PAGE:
Time Synchronisation

NTP is a TCP/IP protocol for synchronising time over a network. Basically a client requests the current time from a server, and uses it to set its own clock.

Behind this simple description, there is a lot of complexity - there are tiers of NTP servers, with the tier one NTP servers connected to atomic clocks, and tier two and three servers spreading the load of actually handling requests across the Internet. Also the client software is a lot more complex than you might think - it has to factor out communication delays, and adjust the time in a way that does not upset all the other processes that run on the server. But luckily all that complexity is hidden from you!

Ubuntu by default uses timedatectl / timesyncd to synchronize time and users can optionally use ntpd to serve network time info.

Synchronizing your systems time

Starting with Ubuntu 16.04 timedatectl / timesyncd (which are part of systemd) replace most of ntpdate / ntp.

timesyncd is available by default and replaces not only ntpdate, but also the client portion of ntpd. So on top of the one-shot action that ntpdate provided on boot and network activation, now timesyncd by default regularly checks and keeps your local time in sync. It also stores time updates locally, so that after reboots monotonically advances if applicable.

If ntpdate / ntp are installed timedatectl steps back to let you keep your old setup. That shall ensure that no two time syncing services are fighting and also to retain any kind of old behaviour/config that you had through an upgrade. But it also implies that on an upgrade from a former release ntp/ntpdate might still be installed and therefore renders the new systemd based services disabled.

ntpdate is considered deprecated in favour of timedatectl and thereby no more installed by default.

Configuring timedatectl and timesyncd

The current status of time and time configuration via timedatectl and timesyncd can be checked with timedatectl status.

$ timedatectl status
      Local time: Mo 2017-06-26 12:16:16 CEST
  Universal time: Mo 2017-06-26 10:16:16 UTC
        RTC time: Mo 2017-06-26 10:16:16
       Time zone: Europe/Berlin (CEST, +0200)
 Network time on: yes
NTP synchronized: yes
 RTC in local TZ: no

Via timedatectl an admin can control the timezone, how the system clock should relate to the hwclock and if permanent synronization should be enabled or not. See man timedatectl for more details.

timesyncd itself is still a normal service, so you can check its status also more in detail via.

$ systemctl status systemd-timesyncd
. systemd-timesyncd.service - Network Time Synchronization
   Loaded: loaded (/lib/systemd/system/systemd-timesyncd.service; enabled; vendor preset: enabled)
  Drop-In: /lib/systemd/system/systemd-timesyncd.service.d
   Active: active (running) since Mo 2017-06-26 11:12:19 CEST; 30min ago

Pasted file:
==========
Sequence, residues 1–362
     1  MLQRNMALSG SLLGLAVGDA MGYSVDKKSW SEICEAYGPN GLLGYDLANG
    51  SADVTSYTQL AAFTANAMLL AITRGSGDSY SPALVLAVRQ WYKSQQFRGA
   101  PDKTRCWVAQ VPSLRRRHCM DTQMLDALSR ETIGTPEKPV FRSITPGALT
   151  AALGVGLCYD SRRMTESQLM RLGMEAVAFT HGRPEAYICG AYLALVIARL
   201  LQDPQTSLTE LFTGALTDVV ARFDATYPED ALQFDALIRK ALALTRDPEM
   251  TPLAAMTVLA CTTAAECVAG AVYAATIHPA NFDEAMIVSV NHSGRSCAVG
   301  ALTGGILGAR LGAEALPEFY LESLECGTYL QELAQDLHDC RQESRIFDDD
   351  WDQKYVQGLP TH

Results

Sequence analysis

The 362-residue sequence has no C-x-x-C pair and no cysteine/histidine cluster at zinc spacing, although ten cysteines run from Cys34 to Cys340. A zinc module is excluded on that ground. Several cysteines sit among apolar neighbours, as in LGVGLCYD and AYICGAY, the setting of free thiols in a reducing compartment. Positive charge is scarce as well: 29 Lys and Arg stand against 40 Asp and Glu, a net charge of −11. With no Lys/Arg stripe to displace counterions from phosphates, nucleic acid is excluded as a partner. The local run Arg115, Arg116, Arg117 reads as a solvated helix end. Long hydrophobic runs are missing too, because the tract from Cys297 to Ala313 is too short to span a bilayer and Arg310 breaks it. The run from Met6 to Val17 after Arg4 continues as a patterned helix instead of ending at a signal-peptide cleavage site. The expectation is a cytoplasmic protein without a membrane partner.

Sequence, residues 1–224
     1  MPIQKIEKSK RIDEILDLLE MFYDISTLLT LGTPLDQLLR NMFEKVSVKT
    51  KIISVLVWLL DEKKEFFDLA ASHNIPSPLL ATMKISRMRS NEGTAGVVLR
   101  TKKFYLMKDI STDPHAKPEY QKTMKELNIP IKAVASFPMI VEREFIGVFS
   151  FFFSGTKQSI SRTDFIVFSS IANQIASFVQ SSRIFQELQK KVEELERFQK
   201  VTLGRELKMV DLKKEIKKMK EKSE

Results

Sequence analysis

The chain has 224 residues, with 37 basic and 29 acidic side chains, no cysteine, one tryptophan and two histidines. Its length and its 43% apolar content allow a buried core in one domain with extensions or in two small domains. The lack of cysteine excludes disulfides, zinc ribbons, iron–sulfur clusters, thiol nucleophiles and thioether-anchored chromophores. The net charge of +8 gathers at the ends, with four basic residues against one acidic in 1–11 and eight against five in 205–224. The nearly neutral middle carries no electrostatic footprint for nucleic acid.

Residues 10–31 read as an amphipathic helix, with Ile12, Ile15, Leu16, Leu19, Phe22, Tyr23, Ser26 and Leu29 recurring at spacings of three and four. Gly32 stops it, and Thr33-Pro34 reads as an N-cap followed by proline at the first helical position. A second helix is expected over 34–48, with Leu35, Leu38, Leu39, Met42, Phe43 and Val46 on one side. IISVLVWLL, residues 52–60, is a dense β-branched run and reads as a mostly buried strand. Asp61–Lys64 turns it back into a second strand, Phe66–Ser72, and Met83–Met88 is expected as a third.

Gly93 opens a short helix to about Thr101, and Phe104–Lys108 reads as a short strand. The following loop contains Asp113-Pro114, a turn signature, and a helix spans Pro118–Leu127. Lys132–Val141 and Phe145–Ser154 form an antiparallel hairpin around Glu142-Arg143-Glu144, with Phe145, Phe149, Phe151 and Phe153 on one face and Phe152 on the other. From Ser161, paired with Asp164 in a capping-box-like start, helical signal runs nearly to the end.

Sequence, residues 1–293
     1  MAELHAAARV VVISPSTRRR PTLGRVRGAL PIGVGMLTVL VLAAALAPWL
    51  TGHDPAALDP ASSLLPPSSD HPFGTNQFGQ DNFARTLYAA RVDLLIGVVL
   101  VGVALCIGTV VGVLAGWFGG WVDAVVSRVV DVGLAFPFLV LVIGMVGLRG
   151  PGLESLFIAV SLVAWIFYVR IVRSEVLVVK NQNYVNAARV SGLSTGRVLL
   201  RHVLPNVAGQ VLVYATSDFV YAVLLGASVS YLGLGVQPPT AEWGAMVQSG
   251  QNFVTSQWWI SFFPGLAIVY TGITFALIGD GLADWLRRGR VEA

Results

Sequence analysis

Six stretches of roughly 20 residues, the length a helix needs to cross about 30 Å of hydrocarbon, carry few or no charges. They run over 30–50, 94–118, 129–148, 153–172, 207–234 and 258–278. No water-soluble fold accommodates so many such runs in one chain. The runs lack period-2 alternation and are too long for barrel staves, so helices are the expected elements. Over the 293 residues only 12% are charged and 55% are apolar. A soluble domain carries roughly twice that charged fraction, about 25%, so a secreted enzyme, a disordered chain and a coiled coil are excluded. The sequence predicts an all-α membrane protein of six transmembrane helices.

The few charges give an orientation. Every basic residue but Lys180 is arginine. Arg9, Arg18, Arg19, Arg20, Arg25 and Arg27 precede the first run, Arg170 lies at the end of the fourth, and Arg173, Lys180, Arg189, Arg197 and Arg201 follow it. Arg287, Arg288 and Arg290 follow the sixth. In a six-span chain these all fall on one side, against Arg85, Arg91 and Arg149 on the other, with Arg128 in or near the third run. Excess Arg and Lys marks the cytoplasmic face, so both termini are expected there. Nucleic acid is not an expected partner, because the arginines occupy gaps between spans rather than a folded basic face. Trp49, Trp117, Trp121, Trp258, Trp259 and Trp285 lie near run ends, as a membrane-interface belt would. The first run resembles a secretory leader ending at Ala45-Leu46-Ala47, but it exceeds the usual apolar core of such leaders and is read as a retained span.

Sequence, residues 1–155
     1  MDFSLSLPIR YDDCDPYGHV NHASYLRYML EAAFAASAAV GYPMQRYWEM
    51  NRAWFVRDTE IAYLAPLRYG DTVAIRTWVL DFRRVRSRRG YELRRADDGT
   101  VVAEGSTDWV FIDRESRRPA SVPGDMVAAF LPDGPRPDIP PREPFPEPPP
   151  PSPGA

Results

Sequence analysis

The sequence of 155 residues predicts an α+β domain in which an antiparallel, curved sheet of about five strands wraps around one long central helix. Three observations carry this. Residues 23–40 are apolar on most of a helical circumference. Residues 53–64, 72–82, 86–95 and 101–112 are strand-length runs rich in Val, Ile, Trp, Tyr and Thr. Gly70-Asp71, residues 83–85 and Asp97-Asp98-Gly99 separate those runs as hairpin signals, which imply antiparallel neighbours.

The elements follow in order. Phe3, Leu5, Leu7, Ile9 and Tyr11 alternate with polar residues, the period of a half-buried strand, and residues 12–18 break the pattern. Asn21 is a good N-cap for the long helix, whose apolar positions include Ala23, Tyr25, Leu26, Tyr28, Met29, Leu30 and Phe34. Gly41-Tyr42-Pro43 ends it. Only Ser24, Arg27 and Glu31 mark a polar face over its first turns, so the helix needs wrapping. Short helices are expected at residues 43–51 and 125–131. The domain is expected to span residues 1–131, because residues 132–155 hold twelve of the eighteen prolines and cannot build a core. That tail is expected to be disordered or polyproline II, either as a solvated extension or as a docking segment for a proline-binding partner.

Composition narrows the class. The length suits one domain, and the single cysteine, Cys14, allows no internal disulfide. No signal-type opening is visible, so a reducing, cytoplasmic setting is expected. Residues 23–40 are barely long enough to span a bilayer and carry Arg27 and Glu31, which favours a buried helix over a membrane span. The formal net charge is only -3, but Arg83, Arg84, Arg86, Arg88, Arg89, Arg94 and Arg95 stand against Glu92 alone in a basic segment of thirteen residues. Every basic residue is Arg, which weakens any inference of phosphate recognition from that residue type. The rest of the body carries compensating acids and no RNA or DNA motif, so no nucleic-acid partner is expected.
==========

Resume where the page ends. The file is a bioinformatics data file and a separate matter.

Docs: man:systemd-timesyncd.service(8)
 Main PID: 12379 (systemd-timesyn)
   Status: "Synchronized to time server [2001:67c:1560:8003::c8]:123 (ntp.ubuntu.com)."
    Tasks: 2
   Memory: 424.0K
      CPU: 12ms
   CGroup: /system.slice/systemd-timesyncd.service
           |_12379 /lib/systemd/systemd-timesyncd

Jun 26 11:12:19 lap systemd[1]: Starting Network Time Synchronization...
Jun 26 11:12:19 lap systemd[1]: Started Network Time Synchronization.
Jun 26 11:12:19 lap systemd-timesyncd[12379]: Synchronized to time server [2001:67c:1560:8003::c8]:123 (ntp.ubuntu.com).

The nameserver to fetch time for timedatectl and timesyncd from can be specified in /etc/systemd/timesyncd.conf and additional config files can be stored in /etc/systemd/timesyncd.conf.d/. The entries for NTP= and FallbackNTP= are space separated lists.

Serving NTP

If on top of synchronizing your system you also want to serve NTP information you need an ntp server. The most classic and supported one is ntpd, but it is also very old so there also are openntpd and chrony as alternatives available in the archive.


The ntp daemon ntpd calculates the drift of your system clock and continuously adjusts it, so there are no large corrections that could lead to inconsistent logs for instance. The cost is a little processing power and memory, but for a modern server this is negligible.


To install ntpd, from a terminal prompt enter:

sudo apt install ntp


Edit /etc/ntp.conf to add/remove server lines. By default these servers are configured:

# Use servers from the NTP Pool Project. Approved by Ubuntu Technical Board
# on 2011-02-08 (LP: #104525). See http://www.pool.ntp.org/join.html for
# more information.
server 0.ubuntu.pool.ntp.org
server 1.ubuntu.pool.ntp.org
server 2.ubuntu.pool.ntp.org
server 3.ubuntu.pool.ntp.org

After changing the config file you have to reload the ntpd:

sudo systemctl reload ntp.service

Of the pool number 2.ubuntu.pool.ntp.org as well as ntp.ubuntu.com also support ipv6 if needed. If one needs to force ipv6 there also is ipv6.ntp.ubuntu.com which is not configured by default.

View status

Use ntpq to see more info:

# sudo ntpq -p
     remote           refid      st t when poll reach   delay   offset  jitter
+stratum2-2.NTP.    2 u    5   64  377   68.461  -44.274 110.334
+ntp2.m-online.n     2 u    5   64  377   54.629  -27.318  78.882
*  .DCFa.           1 u   10   64  377   83.607  -30.159  68.343
+stratum2-3.NTP.    2 u    5   64  357   68.795  -68.168 104.612
+europium.canoni    2 u   63   64  337   81.534  -67.968  92.792

PPS Support

Since 16.04 ntp supports PPS discipline which can be used to augment ntp with local timesources for better accuracy. For more details on configuration see the external pps ressource listed below.